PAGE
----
Why?  I have no idea.  Did he just want to get where he was going?  Was the driver a friend?  Why would the officer listen to him?  Did he have some sort of clout?  It’s common in this society to have mediators work things out, rather than working directly with the affected parties.  Did he pay a bribe?  If so, why would he?  I didn’t notice much discussion among the other passengers as we just finished the route in silence and all exited along the way.  The passenger that helped out got out of the van a little while before me, and his leaving didn’t indicate anything special about him or his relationship to the driver.  So, I’m left with many questions about what exactly happened there.  But I am glad I got to the store and back home again without too much of an extra delay.

Categories
Personal

The Walk to Church and Nursery

We moved apartments last week. We hope there will be some stories to tell about this, and Julie is working on a post as we speak. Our apartment remains in about the same neighborhood as before, so while the walk to work is about the same, the scenery changes – ‘An Eight Minute Walk to Work’ video will need to be in the works soon, adding sixty seconds to the ‘Seven’ video offered earlier.

But now that our location has changed, we need to put out some of the previous videos we have been preparing. One soon to come from Julie concerns a special Egyptian ritual we enjoyed with friends on the occasion of Layla’s birth. This one, however, is another neighborhood stroll – this time to St. Mark’s, the local Coptic Orthodox Church where we worship and Emma has her preschool.

The video was filmed when our moms were here visiting to help out for a month while Layla was being born and Julie was recovering from surgery. As such, my mom features somewhat prominently in the video, especially as we negotiate a harrowing experience along the way. For us, it was normal routine; for her, well, Egypt takes some getting used to…

The video is filmed in stages, so you can click through to the following episodes:

One: Microbuses (one minute)

Two: Sand and Street (four minutes)

Three: School (two minutes)

Four: Canal (two minutes)

Five: Club (three minutes)

Six: Church (four minutes)

Seven: Nursery (one minute)

Sorry they are broken up a bit, but the trip as a whole, unnarrated, takes about fifteen minutes, which I figured would be a bit long for one uploading, and perhaps viewing. Now, feel free to watch at your convenience.

Sorry also for being a bit sporadic with our postings recently. Our move – in the middle of Egyptian summer – plus some work developments I can describe later, have conspired to take a bit of time and energy away from writing. We have not stopped learning about Egypt during this time (quite the contrary), but we hope to be better able to relate our findings soon. Thanks for your patience and for following along.

Categories
Personal

Microbus Fiasco

We have a microbus stop outside our apartment building.  What this means is that anywhere from one to twenty minivans are parked in one or two lines, just a few feet from our front door, and they snake around the corner toward the main road.  It sometimes means a lot of noise and people traffic as there are busy times for people to be riding this mode of public transport.  Also there are small scuffles at times among the drivers and perhaps passengers, which involve yelling and frequent honking of horns.  For us personally, it means more air pollution, and sometimes, a longer walk to the main road if we choose to take the clean-air route and go all the way around the block.  All in all, it’s not terribly inconvenient or bothersome most of the time, but it would be nicer if this microbus stop was in another location.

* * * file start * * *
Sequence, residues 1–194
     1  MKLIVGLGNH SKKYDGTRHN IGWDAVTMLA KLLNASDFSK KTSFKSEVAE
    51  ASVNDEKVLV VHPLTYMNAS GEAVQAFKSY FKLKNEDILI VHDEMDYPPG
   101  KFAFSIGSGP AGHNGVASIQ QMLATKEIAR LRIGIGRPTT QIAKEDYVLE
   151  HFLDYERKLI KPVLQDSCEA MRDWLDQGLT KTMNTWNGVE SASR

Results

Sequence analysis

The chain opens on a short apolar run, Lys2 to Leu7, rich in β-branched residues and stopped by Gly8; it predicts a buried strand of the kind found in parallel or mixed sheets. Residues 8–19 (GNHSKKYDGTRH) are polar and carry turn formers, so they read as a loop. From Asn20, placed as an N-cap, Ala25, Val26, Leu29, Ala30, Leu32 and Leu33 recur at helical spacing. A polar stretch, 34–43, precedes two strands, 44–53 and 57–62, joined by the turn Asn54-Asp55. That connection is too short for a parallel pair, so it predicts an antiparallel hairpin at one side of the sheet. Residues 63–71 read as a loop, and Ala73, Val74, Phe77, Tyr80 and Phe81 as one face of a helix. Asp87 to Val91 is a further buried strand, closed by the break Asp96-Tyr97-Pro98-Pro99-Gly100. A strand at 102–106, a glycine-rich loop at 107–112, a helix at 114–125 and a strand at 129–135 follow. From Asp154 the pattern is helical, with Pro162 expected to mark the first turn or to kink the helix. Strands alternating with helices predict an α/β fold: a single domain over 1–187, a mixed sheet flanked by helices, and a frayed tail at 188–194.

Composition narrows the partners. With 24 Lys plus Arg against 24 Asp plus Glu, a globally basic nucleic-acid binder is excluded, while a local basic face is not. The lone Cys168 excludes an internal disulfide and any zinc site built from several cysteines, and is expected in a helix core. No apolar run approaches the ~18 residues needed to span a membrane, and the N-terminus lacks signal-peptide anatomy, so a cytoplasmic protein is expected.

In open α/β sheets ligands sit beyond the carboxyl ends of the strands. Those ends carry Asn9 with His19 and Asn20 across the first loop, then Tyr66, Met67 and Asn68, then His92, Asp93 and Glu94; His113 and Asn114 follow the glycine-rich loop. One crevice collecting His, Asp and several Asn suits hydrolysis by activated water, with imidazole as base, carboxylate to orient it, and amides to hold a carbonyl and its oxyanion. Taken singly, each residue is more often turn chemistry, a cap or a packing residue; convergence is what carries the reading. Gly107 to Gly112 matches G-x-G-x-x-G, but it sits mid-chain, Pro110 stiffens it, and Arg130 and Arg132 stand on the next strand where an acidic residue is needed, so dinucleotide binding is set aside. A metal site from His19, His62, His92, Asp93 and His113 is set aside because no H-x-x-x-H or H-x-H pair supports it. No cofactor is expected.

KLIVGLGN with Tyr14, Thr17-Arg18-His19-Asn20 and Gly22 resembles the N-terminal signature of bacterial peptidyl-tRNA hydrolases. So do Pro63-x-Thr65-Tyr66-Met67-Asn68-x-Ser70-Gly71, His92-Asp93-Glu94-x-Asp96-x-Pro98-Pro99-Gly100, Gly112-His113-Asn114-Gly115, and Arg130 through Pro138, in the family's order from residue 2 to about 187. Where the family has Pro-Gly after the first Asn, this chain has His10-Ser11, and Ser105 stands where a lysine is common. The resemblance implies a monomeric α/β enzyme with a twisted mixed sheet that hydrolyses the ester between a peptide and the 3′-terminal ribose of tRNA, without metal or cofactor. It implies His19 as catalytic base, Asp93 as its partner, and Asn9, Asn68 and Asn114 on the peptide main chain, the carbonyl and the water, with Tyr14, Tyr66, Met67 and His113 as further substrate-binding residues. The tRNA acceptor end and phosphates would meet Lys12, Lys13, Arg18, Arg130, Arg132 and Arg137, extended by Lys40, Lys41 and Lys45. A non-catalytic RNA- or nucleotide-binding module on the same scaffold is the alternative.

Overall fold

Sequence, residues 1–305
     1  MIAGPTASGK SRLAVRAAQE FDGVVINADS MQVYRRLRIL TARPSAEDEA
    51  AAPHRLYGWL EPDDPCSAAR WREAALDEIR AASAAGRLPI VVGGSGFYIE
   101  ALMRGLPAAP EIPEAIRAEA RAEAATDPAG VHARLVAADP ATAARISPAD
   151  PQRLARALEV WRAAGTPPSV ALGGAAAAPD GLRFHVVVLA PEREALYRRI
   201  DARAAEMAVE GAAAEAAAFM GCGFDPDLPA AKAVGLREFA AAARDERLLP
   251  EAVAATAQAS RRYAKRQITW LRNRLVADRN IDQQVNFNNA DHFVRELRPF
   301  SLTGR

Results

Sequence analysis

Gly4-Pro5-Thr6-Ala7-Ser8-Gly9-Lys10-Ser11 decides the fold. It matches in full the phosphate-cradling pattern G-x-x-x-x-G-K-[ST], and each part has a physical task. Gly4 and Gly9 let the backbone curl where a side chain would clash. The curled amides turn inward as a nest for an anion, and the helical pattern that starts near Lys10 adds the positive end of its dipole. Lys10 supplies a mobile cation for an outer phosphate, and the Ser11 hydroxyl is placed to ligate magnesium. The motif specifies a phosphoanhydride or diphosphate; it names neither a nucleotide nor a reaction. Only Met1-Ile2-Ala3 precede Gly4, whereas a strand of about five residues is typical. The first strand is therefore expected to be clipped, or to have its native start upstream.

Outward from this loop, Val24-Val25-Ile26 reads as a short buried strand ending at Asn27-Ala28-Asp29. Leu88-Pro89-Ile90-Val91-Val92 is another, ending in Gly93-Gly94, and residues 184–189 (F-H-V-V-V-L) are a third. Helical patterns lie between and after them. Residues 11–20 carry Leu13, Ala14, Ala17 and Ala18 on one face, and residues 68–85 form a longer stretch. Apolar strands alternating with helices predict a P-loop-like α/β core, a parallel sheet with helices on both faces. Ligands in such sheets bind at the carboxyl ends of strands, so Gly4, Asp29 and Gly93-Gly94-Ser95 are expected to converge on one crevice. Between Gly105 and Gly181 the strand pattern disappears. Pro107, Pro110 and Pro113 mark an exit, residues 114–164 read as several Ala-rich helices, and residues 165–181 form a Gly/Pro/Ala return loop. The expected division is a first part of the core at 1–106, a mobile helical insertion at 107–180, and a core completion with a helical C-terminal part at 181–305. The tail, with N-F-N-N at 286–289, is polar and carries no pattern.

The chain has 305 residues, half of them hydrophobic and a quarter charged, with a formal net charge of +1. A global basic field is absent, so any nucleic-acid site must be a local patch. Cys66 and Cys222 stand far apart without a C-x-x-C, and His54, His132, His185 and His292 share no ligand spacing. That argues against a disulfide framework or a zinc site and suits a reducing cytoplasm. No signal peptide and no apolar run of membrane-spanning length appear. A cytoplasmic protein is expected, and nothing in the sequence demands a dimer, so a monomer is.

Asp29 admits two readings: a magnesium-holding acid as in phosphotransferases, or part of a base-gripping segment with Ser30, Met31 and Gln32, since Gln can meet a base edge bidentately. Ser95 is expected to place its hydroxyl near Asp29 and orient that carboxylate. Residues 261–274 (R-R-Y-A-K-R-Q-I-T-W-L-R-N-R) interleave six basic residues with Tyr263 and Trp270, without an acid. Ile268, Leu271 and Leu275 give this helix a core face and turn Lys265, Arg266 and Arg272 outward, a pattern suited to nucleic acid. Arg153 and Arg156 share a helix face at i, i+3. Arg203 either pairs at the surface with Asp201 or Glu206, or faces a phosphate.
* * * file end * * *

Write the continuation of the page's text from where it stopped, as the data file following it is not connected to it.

We have rarely ridden on this microbus line as it goes to a section of town that we usually have no need to frequent.  It’s a poorer, more crowded neighborhood a little north of Maadi.  But the other day, on Easter, in fact, we planned to ride the microbus to the end of the line to have dinner at the home of one of Jayson’s friends.  It was quite an experience.

We exited our building and found a long line of microbuses, as usual, but we also found our doorman, our landlord’s son, and a police officer right outside the gate of our building.  We didn’t notice right away that there was a problem, but as Jayson spoke with the officer, who has a friendly relationship with him, and I was briefly talking to the doorman, there was some commotion around us, and the officer told Jayson he was busy at the moment.  A minute later, our landlord’s son got into his large white car, and backed it up and parked it blocking the entire line of microbuses.  He got out of the car, slammed the door and walked away from it.  Meanwhile, the doorman is saying to him, “Hey, no, this is wrong.  Give me the keys.”  But the son ignored him and walked around in a huff.  I thought, hmmm, this is interesting, we were just ready to board the microbus to meet our friend.  Hope he moves his car soon.  Surely, the police officer will do something about this.

So, Jayson and I, with the two girls, our bag, and a bag of chocolates for our host, boarded the microbus and waited.  And waited and waited and waited.  The microbus was full, as were the four or five that were surrounding us, but no one was moving because the big white car totally blocked the possibility.  The landlord’s son was standing on the street yelling and talking with the doorman, and some of the microbus drivers were yelling too.  Many of the passengers were looking around wondering what was happening and what they should do.  Jayson and I just sat there, with our girls in our laps, watching the scene.  Another son came down from their apartment to either watch or help, but his car stayed parked there for about ten minutes while the people who wanted to ride the microbus waited and questioned and fumed and threw their hands up.  At one point, most of the people in our microbus exited and walked away to find another way to their destination.  We didn’t really know where our destination was; we just had instructions to ride the microbus to the end of the line, and besides, we were interested in what would happen in this situation, so we stayed put.